In other words, merely calling a token a ‘utility’ token or structuring it to provide some utility does not prevent the token from being a security. Tokens and offerings that incorporates features and marketing efforts that emphasize the potential for profits based on the entrepreneurial or managerial efforts of others contain the hallmarks of a security.”


The Securities Regulation Code does not apply solely to the obvious, common and traditional forms of securities. New, innovative and unorthodox schemes, whatever their form, also fall within the SEC’s regulatory perimeter if as a matter of fact they were publicly offered under such terms that would characterize them as an investment contract or security.[40] Indeed, the law was enacted to regulate securities, in whatever form they are made and by whatever name they are called.

LodiTech claimed that “the use of Lodicoin for transactions will increase its utility, which will eventually contribute to its popularity and price in the future.”[41] LodiTech also led investors to reasonably expect that the entrepreneurial and managerial efforts of its founders would drive the success or failure of Lodicoin. By offering Lodicoins in the Philippines through an initial coin offering, Loditech facilitated $LODI’s distribution in the Philippines and therefore exposed Philippine residents from unwarranted risks associated with an unregistered security.

The SEC’s Advisory against Lodicoin demonstrates how first principles of securities law apply to new paradigms in financial technology, such as when projects use blockchain technology to facilitate capital formation activities, investments and the public offer or sale of new types of securities. The automation of certain functions through blockchain and smart contracts does not remove the above activities from the material scope of securities law.[42] This means that the registration requirements under the Securities Regulation Code apply with equal force with respect to new products and platforms that employ emerging technologies to provide unconventional investor interfaces.

This article is published on BitPinas: Lodicoin, Meet Securities Law

  1. The SEC Advisory was dated 27 September 2022, although it was published on SEC’s website on 29 September 2022 and became publicly accessible in the morning of 30 September 2022. (https://www.sec.gov.ph/advisories-2022/lodicoins/)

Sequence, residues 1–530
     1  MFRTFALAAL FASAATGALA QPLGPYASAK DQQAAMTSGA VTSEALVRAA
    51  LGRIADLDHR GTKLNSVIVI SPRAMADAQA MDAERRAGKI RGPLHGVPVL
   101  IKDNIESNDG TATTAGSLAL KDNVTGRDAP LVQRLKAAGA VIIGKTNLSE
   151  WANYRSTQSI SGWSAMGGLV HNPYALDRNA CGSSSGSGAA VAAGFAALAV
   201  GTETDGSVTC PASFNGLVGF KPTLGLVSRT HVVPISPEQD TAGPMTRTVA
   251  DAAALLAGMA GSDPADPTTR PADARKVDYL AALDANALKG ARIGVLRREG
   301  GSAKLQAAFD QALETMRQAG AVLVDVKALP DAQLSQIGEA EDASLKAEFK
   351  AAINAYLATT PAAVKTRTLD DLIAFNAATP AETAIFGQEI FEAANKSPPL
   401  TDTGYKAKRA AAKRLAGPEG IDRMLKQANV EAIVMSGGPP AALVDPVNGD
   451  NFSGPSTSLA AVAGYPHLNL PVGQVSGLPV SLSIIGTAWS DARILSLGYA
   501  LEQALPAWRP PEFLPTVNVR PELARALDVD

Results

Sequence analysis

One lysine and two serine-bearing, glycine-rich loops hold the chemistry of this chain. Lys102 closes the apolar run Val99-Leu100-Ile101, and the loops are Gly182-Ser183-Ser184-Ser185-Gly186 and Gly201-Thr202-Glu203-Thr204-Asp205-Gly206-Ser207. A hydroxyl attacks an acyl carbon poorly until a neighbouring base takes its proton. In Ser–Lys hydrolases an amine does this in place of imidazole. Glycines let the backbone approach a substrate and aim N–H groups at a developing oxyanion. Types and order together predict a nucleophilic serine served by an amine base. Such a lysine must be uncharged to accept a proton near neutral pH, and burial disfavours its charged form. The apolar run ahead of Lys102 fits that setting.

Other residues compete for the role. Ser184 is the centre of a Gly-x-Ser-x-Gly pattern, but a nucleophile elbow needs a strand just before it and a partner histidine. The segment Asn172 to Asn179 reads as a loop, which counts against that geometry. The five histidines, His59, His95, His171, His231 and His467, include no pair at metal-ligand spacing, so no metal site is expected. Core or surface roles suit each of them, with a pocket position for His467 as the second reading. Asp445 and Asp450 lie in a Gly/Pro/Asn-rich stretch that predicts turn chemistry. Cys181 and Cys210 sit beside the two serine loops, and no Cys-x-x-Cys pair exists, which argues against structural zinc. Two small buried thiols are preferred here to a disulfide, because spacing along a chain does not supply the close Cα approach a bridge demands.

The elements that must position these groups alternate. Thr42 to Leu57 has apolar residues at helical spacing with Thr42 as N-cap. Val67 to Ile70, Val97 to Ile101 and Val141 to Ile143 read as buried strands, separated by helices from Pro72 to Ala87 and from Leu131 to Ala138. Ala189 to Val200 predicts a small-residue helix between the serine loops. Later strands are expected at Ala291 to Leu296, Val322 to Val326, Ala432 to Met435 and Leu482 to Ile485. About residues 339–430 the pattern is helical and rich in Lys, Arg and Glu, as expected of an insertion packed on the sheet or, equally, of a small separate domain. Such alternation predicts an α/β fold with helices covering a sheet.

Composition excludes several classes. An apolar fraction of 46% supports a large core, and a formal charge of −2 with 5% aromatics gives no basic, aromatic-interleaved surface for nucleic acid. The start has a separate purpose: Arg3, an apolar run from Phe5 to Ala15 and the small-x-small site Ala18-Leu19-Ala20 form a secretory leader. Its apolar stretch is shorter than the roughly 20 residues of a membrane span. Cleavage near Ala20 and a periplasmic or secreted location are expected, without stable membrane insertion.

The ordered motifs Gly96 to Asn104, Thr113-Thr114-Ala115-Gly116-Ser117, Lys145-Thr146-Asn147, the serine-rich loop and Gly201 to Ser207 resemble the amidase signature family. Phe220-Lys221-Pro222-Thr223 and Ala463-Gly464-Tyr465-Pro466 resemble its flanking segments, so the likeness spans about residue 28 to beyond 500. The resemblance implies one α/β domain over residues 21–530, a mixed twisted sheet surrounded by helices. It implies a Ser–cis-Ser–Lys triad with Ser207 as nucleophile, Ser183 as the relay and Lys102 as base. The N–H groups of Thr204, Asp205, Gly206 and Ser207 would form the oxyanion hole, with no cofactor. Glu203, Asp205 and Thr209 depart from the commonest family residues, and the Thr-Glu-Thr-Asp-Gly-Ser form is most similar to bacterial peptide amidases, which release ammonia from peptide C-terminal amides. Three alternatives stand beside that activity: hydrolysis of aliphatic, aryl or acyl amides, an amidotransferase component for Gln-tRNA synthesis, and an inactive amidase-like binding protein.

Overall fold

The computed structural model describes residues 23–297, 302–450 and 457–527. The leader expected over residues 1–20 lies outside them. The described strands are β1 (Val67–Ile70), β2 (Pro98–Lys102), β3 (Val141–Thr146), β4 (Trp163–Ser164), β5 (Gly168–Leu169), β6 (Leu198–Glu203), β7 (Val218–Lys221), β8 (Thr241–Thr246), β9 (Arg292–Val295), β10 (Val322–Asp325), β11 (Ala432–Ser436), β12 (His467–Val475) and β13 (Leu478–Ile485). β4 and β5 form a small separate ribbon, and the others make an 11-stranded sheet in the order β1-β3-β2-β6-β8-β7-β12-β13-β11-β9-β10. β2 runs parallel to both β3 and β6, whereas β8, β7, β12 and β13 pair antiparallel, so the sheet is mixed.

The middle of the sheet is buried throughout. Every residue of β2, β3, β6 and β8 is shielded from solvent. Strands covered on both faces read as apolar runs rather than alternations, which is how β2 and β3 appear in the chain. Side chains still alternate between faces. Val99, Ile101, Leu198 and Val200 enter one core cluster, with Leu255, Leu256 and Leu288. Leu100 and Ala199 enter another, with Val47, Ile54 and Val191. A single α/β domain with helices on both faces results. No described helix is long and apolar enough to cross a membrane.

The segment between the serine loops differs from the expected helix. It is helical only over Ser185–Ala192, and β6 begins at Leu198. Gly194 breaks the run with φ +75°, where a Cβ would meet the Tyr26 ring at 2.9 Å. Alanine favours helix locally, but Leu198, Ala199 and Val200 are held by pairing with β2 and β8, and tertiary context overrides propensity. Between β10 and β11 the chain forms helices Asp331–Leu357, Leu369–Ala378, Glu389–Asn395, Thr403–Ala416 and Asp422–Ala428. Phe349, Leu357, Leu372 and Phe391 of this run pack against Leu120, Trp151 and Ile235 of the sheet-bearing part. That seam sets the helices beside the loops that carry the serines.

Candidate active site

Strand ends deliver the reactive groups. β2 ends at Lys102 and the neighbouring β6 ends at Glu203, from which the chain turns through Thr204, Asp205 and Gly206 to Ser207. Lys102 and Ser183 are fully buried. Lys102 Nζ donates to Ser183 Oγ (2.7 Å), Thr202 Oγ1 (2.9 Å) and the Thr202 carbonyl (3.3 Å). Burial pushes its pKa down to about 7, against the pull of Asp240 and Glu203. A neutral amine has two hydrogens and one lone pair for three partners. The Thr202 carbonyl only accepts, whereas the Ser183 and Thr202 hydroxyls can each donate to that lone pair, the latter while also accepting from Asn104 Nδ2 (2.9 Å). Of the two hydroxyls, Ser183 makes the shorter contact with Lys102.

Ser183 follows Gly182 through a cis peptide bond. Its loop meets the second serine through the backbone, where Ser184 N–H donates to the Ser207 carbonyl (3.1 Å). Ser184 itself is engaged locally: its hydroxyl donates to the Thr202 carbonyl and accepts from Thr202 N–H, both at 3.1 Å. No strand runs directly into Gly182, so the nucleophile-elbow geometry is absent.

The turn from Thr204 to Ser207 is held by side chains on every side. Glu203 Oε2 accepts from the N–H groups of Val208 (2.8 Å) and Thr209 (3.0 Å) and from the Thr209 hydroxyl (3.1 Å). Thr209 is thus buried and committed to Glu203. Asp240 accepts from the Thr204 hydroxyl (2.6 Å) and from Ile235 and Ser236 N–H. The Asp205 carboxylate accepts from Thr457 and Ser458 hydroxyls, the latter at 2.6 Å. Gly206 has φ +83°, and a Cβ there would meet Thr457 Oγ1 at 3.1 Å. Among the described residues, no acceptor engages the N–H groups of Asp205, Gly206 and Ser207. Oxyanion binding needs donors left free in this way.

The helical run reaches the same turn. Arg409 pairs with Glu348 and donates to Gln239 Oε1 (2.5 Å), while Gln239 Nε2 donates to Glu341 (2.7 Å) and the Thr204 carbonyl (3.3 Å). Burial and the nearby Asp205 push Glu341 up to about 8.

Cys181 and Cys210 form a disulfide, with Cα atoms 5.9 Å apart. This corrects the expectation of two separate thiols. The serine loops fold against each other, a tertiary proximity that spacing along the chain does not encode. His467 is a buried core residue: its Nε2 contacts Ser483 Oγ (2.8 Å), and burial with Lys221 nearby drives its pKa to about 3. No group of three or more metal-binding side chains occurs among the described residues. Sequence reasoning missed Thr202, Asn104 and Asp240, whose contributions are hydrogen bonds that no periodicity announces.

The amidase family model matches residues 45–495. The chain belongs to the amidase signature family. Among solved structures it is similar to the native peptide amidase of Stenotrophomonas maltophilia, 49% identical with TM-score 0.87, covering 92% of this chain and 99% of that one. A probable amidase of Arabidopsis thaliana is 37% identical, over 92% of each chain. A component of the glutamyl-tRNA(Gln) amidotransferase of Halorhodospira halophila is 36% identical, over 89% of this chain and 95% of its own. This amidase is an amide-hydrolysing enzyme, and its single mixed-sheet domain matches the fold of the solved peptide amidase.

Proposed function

2. SEC Advisory dated 27 September 2022, p. 1.

  3. Id., p. 2.

  4. Id., p. 2-3.

  5. Id., p. 3.

  6. Id., p. 4.

  7. Section 3.1, Securities Regulation Code (R.A. No. 8799 [2000])

  8. Id.

  9. Power Homes Unlimited Corp. v. Securities and Exchange Commission, G.R. No. 164182 (2008).

  10. This makes the “reverse solicitation doctrine” (recognized in some jurisdictions) not applicable in the Philippines.

  11. Section 10 (K), Securities Regulation Code of 2000.

  12. Atty. Lucila Decasa, Securities Regulation Code Annotated (2013).

  13. Id.

  14. Puerto v. People, G.R. No. 236564 (Notice) (2018).

  15. Securities and Exchange Commission v. Prosperity.com, Inc., G.R. No. 164197, (2012).

  16. People v. Petralba, G.R. No. 137512 (2004)

  17. Virata v. Ng Wee, G.R. Nos. 220926 (2017).

  18. Securities and Exchange Commission v. Santos, G.R. No. 195542 (2014).

  19. Id.

  20. Power Homes Unlimited Corp. v. SEC, G.R. No. 164182 (2008).

  21. Tcherepnin v. Knight, 389 U.S. 332, 336 (1967); United Housing Found., Inc. v. Forman, 421 U.S. 837, 849 (1975).

  22. People v. Fernandez, G.R. No. 45655 (1938).

  23. Virata vs. Ng Wee, supra.

  24. Securities and Exchange Commission v. G. Cosmos Philippines, Inc., G.R. No. 167435 (Notice) (2015).

  25. See Philippine Deposit Insurance Corp. v. Gidwani, G.R. No. 234616 (2018)

  26. People v. Petralba, G.R. No. 137512, September 27, 2004. “When the investor is relatively uninformed and turns over his money to others, essentially depending upon their representations and their honesty and skill in managing it, the transaction generally is considered to be an investment contract.”

  27. Securities and Exchange Commission v. Santos, G.R. No. 195542 (2014).

  28. Puerto v. People, G.R. No. 236564 (Notice) (2018).

  29. Rafael Angelo M. Padilla, Fintech: Law and First Principles, Rex Book Store, p. 86 (2020).

  30. Part of the Marketing Plan for MSCoins is to entice the public to join by investing an initial capital of Seven Thousand Six hundred pesos (P7,600.00), Eight Hundred Pesos (P800.00) representing Registration Fee

    and Six Thousand Eight Hundred pesos (P6,800.00) for 500 Product Points, respectively. See: http://www.sec.gov.ph/wp-content/uploads/2017/06/2017Advisory_MonspacePhilsAdvisory.pdf